The other day, Dagny and I were out for one of our many walks around the neighborhood and came across a little unleashed dog in the middle of the road who seemed to be alone. As we crossed a busy street to get closer to this dog on a nearby side street, I realized he was walking briskly right into the path of an oncoming bus that was barreling down the avenue. I scrambled trying to think how I can best get him out of harm’s way right when a voice called, “Fifi!! Come!” from behind one of the vehicles on the side street. Crisis averted, I thought. Sort of…
Keeping your dog safe
A loose dog roaming around isn’t a rarity in France. In fact, I probably see this two or three times a week! And although it bothers me (hello people — there are things called CARS and kidnappers not to mention all sorts of other trouble a dog can get into on his own), I try to focus on keeping my dog safe because that’s within my control. I can’t save the world. But we do have an obligation to our pets to protect them and train them and make sure they are out of harm’s way. Anyway, when I see a random dog walking toward a busy road, of course I will do whatever I can to make sure everyone’s safe.
So back to the story….
When this man, who seemed to be cleaning out his garage with his wife, called his dog back onto his property, I wrongly assumed he’d leash the dog up or put him inside. Anyway, I told him his dog almost got hit by a bus but he was too busy cleaning his garage with his wife to really care. So we continued on our way and about three seconds later, the dog reappeared from his garage and crossed the side street (didn’t look both ways first, since dogs often don’t) toward us.
He seemed friendly enough at first and started sniffing Dagny but while emitting a low growl.
The man came out from behind his van again and called the dog but it made no difference because this dog was in the middle of a growling sniff fest. The owner didn’t seem all that bothered, but I didn’t like this situation at all so I went down to pick Dagny up so we could move along. In that moment, the dog lunged at Dagny and bit her butt three times. Before this could escalate, I raised my voice at the dog and said, “YOU DO NOT BITE MY DOG. GET OUT OF HERE!”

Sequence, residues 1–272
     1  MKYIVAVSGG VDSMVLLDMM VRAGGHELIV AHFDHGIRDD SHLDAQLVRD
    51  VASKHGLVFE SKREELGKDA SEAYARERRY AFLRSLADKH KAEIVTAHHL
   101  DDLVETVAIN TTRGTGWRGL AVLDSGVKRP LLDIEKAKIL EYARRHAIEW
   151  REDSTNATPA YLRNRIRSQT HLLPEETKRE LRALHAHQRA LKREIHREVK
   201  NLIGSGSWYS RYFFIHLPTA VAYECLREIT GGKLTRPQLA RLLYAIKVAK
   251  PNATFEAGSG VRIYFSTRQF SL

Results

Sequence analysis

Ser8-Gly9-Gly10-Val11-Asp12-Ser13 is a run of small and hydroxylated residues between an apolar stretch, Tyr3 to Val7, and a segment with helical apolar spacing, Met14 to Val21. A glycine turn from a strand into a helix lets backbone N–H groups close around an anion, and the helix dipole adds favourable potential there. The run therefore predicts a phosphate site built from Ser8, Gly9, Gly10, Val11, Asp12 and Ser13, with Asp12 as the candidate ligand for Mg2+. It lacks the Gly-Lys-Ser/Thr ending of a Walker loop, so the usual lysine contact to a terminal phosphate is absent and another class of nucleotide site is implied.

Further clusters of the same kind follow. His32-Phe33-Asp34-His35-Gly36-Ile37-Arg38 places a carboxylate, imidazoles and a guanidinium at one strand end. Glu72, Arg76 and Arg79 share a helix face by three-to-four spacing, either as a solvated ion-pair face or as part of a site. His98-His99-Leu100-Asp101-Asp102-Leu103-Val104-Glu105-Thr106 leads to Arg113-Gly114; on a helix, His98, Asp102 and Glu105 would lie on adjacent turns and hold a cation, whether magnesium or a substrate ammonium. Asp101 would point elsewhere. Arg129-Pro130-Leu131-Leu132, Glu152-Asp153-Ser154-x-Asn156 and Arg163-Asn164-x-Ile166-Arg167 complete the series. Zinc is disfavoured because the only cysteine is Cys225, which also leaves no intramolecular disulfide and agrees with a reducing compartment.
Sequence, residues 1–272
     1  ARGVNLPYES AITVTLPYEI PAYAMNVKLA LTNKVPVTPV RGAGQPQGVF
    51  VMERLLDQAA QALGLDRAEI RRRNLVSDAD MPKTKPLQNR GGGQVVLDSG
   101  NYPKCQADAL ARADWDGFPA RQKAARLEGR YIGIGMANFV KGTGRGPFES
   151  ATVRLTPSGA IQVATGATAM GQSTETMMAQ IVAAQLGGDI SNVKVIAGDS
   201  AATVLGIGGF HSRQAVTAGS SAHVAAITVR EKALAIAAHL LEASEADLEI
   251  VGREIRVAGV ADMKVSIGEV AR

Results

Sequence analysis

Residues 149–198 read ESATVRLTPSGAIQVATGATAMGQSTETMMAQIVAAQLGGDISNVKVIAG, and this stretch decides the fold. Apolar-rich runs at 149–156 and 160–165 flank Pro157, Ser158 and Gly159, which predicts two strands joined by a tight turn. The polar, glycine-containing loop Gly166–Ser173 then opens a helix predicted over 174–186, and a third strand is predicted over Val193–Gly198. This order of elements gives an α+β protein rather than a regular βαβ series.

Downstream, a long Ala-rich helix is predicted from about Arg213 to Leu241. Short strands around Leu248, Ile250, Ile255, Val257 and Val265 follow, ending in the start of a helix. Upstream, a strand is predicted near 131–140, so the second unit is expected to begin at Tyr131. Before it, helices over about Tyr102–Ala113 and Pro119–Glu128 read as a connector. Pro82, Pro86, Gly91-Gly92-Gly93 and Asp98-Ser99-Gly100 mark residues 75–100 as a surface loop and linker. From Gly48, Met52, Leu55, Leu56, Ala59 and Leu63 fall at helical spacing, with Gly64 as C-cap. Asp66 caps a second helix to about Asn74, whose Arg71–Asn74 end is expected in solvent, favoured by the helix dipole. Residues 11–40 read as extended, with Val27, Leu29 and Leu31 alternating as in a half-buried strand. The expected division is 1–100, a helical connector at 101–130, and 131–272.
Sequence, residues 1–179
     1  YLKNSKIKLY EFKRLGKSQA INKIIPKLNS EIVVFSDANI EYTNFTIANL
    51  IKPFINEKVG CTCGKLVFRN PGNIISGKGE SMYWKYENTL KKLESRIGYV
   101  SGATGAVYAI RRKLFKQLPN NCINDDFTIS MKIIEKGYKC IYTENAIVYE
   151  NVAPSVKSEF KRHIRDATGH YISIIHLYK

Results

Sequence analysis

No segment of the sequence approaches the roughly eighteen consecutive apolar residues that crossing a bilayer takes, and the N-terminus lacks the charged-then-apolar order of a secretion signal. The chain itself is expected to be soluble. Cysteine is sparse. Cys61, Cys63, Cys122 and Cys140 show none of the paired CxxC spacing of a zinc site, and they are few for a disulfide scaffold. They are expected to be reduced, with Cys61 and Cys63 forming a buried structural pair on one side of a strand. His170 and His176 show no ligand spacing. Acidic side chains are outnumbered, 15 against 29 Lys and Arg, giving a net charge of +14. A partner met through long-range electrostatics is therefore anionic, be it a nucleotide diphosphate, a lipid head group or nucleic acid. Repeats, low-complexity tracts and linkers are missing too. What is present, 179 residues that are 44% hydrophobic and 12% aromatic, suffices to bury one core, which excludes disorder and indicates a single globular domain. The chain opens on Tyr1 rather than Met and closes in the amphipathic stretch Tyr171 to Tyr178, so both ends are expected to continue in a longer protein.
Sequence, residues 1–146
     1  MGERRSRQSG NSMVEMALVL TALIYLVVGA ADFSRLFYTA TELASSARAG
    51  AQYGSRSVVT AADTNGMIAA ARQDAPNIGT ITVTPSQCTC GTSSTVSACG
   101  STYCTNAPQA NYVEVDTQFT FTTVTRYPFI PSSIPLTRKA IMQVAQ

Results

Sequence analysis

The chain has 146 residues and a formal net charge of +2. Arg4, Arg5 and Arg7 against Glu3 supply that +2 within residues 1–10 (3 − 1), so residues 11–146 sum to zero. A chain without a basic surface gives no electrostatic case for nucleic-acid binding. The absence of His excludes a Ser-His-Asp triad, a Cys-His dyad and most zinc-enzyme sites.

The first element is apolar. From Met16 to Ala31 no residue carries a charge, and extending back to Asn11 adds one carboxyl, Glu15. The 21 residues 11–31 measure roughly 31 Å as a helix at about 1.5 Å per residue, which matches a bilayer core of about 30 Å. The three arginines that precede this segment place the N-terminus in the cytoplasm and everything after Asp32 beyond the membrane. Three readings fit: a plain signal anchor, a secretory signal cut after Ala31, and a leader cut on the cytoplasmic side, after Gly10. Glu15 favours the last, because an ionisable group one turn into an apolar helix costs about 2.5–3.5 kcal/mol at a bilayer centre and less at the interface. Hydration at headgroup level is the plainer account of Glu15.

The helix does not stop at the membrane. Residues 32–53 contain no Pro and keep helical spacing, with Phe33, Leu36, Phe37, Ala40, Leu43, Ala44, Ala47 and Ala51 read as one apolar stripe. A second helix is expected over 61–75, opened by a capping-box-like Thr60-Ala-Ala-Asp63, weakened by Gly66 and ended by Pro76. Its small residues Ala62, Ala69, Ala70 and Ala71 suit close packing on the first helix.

I picked up Dagny and my heart was racing. We were both shaken. Luckily, the dog’s bites seemed to be just nips and nothing serious but I was annoyed. I comforted Dagny hoping the owner would utter some sort of apology and at least put a leash on his dog. But no such luck.
Instead, the man said very nonchalantly from across the street, “Oh, it’s nothing. She’s fine. Fifi, come on!” I responded, “No sir, it’s not fine. Your dog bit my dog.”
This pic I took of Dagny sleeping has nothing to do with the story. Just melts my heart though.
He brushed me off and I figured before any heated words are exchanged, I’d best be on my way. So Dagny and I continued on — her tail wagging (a good sign). And then once I had a second to clear my head, I looked back at the house (dog was still roaming around) and realized….. wait for it… it was Tom’s boss’s house.
The man was Tom’s boss’s husband and his boss was the woman in the garage who had taken the day off. Dammit.
Out of all the people I could have gotten into an altercation with, it was Tom’s boss’s family. Of course it was.
Now normally, I wouldn’t care what was said because I did nothing wrong at all. In fact, my response was pretty tame and things could have been, much, much worse. Besides, we’d never met, so how would they know it’s me? Oh yea, we’re in France and I’m the only one in the area whose accent is NOT North African. His boss is no dummy so I’m sure she could put two and two together — she knows we live in the neighborhood.
Thankfully, we got off easy. The dog could have seriously injured Dagny or gotten hit by the bus. I could have said a lot more than I did. But I kept my cool except for yelling at the dog (in an effort to protect my own). And so far, the boss hasn’t mentioned this at work. And Tom still has his job… hoping it stays that way!